EVEN FOR A MITZVAH
The prohibition of preparing on Shabbos or Yom Tov is even when what is being prepared for is a Mitzvah (SSK 28:69).
EXAMPLES OF WHAT IS FORBIDDEN
It is forbidden to wash dishes on Yom Tov or Shabbos for a different day. However, if one is just rinsing a glass or plate that he or she has just used, it would be permitted (Zera Yaakov Vol. I 73:3).
If the person is utterly disgusted by the fact that the sink has dirty dishes and it is dishonorable to the Shabbos, the dishes may be washed. However, it is forbidden to fool oneself with this thought process (ibid #4).
It is forbidden to fold clothing that will not be needed for that day (SSK).
It is forbidden to remove a frozen item from the freezer for second day Yom Tov while it is still first day Yom Tov (Zera Yaakov Vol. I 73:1).
When Purim falls on Motzaei Shabbos, it is considered Hachana to bring the Megillah to Shul.
When Tisha B’Av falls on Motzaei Shabbos it is Hachana to bring one’s Tisha B’Av shoes to shul before Shabbos had ended.
ROLLING THE TORAH
One may not roll a sefer Torah on first day Yom Tov for the reading on second day Yom Tov (MB 667:5). When Yom Tov comes before Shabbos there is a three-way debate as to rolling the Torah for Shabbos. Some forbid it entirely, even with an Eiruv Tavshilin (MB in SH 667:7). Others permit it with an Eiruv Tavshilin, and a third opinion seems to allow it entirely (See Yom Tov k’Hilchaso p.399).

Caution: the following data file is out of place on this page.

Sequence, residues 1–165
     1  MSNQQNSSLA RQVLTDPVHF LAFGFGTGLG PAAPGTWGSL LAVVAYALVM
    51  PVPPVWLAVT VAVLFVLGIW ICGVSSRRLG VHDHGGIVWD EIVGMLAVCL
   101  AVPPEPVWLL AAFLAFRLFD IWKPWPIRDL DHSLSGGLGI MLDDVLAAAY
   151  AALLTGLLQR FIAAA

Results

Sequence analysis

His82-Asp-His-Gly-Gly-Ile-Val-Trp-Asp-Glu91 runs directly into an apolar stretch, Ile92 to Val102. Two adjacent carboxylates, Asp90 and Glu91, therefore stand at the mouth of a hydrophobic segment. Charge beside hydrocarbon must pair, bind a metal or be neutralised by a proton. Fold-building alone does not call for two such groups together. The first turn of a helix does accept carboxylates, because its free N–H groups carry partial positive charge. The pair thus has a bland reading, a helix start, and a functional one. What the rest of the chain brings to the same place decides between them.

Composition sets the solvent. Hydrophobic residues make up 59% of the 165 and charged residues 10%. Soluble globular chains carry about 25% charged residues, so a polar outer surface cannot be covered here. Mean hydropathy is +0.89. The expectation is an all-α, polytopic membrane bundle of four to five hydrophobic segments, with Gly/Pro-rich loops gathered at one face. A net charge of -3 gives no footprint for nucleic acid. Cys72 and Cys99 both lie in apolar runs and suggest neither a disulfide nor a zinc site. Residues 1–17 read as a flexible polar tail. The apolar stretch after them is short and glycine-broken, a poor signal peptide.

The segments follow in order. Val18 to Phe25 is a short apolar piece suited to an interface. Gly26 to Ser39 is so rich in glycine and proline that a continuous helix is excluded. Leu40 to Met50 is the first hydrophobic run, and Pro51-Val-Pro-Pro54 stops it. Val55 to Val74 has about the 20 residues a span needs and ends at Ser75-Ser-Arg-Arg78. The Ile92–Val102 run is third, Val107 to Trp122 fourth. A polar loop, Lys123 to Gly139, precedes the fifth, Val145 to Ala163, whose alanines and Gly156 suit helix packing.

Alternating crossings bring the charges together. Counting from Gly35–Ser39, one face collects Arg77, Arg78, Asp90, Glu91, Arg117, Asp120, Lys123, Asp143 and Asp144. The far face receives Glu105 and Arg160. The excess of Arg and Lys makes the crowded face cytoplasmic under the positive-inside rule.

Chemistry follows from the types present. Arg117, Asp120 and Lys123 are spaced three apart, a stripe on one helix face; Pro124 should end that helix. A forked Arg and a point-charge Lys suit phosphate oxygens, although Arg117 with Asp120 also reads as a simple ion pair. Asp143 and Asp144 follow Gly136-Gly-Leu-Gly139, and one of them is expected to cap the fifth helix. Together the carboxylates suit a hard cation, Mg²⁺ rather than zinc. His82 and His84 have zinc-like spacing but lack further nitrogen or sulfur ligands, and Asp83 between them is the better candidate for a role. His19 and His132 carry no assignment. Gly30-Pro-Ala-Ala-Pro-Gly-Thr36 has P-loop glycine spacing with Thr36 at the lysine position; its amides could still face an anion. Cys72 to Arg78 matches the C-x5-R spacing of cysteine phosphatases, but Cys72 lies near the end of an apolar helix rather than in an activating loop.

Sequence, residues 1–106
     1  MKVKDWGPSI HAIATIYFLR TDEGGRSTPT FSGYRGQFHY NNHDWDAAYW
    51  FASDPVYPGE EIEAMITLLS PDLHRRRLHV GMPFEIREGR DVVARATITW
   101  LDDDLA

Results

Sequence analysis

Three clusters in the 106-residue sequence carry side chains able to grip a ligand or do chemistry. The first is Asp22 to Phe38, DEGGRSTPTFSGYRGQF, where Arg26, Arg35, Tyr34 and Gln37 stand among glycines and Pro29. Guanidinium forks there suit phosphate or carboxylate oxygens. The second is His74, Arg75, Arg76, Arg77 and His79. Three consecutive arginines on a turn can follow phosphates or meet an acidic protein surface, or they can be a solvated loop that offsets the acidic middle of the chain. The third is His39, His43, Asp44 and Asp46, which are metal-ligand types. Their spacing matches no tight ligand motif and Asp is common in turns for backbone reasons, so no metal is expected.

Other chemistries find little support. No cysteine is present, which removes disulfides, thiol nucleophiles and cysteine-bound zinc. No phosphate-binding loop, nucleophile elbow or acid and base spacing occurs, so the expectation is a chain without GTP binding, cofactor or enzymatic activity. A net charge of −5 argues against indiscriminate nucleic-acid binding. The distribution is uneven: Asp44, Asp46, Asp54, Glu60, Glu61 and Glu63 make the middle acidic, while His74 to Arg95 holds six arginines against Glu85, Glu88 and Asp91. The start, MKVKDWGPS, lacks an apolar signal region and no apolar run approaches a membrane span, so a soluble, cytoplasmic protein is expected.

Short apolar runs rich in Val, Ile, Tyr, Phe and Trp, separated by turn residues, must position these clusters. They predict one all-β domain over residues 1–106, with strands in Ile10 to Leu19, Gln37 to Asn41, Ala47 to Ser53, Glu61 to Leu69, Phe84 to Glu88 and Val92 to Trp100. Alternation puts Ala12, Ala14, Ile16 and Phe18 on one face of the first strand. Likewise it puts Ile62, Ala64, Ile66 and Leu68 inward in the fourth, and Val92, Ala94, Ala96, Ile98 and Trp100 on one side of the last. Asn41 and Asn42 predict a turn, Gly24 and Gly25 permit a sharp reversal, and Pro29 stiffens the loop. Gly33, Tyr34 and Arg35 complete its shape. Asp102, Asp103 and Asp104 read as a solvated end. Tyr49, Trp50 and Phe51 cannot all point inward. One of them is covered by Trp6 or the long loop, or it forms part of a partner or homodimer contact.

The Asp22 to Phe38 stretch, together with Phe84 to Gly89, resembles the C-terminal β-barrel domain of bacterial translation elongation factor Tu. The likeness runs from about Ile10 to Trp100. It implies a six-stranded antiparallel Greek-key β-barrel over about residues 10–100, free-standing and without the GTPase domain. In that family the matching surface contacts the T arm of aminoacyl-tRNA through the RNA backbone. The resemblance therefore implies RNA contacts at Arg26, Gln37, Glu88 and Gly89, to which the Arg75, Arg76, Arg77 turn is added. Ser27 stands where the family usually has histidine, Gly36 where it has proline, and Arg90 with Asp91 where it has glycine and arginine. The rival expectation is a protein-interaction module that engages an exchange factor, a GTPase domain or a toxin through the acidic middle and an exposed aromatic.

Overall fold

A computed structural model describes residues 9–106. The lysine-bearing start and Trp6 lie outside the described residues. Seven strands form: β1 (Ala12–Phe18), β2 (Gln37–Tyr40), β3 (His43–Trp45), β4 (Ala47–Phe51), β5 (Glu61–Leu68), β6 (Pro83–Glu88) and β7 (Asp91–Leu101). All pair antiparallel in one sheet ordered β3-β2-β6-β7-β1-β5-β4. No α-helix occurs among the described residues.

Rav Shlomo Zalman Auerbach zt”l ruled that is permissible for a Baal Koreh to prepare the leining on Yom Tov for the next day (cited in Shmiras Shabbos K’hilchasa (28:178 note). The rationale is that his knowledge s increased immediately and it is technically not just mere hachana. This is in line with the principle that if there is benefit that day as well, it is permitted even if the essential benefit is for later (SSK 28:70)
SHABBOS CANNOT PREPARE FOR YOM TOV
Because of this halacha that Shabbos cannot prepare for a Yom Tov, in a case where Yom Tov comes immediately after Shabbos (such as this year Shavuos 5775), if a food only became edible on Shabbos – then it is forbidden to eat it on Yom Tov. This is the ruling of numerous Acharonim (Mogain Avrohom 318:2; Ohr Zaruah Hilchos Yom Tov 329; Hagaos Rabbi Akiva Eiger 517; the PMG (AA 318:2) based upon the Tosfos in Baitzah 2b.)
EXAMPLES OF WHAT IS PERMITTED
However, if a goy brought fruit from outside the techum on Shabbos for a Jew – although it is forbidden for the Jew on tha Shabbos – he may consume it on Yom Tov. The reason for the difference is that when the Gemorah tells us that Shabbos cannot prepare for Yom Tov it refers only to something that is universally prohibited on Shabbos. Here, however, the fruits that the goy brought are permitted to other Jews (See Rosh Beitzah 3:1).
It is permitted to bring the Talis home from one’s parents’ or in-laws’ home (Zera Yaakov Vol. I 73:5)
THROUGH A GENTILE
The Mogain Avrohom (321:7) writes that whatever is forbidden on account of the prohibition of Hachana, is also forbidden to be done through a gentile. However, if there is a great need then it is permitted.
The Pri Magadim (AA 503) is somewhat more lenient, however. Nonetheless, the Mogain Avrohom is cited authoritatively by most Poskim.